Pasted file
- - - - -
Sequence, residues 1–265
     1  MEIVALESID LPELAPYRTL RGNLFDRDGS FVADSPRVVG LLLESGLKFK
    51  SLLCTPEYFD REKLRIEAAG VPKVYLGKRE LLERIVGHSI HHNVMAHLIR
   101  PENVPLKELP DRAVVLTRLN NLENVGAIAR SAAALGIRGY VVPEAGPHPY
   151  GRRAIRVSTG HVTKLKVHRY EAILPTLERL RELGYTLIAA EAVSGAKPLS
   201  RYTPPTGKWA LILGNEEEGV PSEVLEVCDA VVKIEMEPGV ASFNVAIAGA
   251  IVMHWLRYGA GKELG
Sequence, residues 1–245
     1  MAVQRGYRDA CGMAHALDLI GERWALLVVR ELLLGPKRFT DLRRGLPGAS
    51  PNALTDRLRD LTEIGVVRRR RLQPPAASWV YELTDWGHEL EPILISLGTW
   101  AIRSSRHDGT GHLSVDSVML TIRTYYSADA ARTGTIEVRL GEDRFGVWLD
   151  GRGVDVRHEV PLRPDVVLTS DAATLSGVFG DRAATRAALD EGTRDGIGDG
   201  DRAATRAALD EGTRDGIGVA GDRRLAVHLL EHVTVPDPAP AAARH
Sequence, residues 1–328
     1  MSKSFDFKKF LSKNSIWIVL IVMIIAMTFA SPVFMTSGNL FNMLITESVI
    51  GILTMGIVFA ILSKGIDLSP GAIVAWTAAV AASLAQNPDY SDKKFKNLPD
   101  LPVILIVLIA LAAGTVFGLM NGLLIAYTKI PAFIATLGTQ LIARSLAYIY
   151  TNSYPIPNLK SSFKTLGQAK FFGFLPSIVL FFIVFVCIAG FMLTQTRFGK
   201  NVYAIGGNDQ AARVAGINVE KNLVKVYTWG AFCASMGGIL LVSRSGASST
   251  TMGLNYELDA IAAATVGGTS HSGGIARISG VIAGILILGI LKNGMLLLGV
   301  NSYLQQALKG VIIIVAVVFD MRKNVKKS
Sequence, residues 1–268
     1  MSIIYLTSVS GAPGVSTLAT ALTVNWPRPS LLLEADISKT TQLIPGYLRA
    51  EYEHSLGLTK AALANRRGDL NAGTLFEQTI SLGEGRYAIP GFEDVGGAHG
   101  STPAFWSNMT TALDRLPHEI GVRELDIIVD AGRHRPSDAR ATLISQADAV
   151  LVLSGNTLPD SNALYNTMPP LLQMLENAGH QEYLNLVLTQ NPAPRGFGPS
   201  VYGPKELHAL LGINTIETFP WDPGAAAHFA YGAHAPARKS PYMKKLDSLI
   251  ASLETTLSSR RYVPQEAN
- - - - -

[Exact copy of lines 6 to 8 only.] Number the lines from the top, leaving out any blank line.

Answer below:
   201  RYTPPTGKWA LILGNEEEGV PSEVLEVCDA VVKIEMEPGV ASFNVAIAGA
   251  IVMHWLRYGA GKELG
Sequence, residues 1–245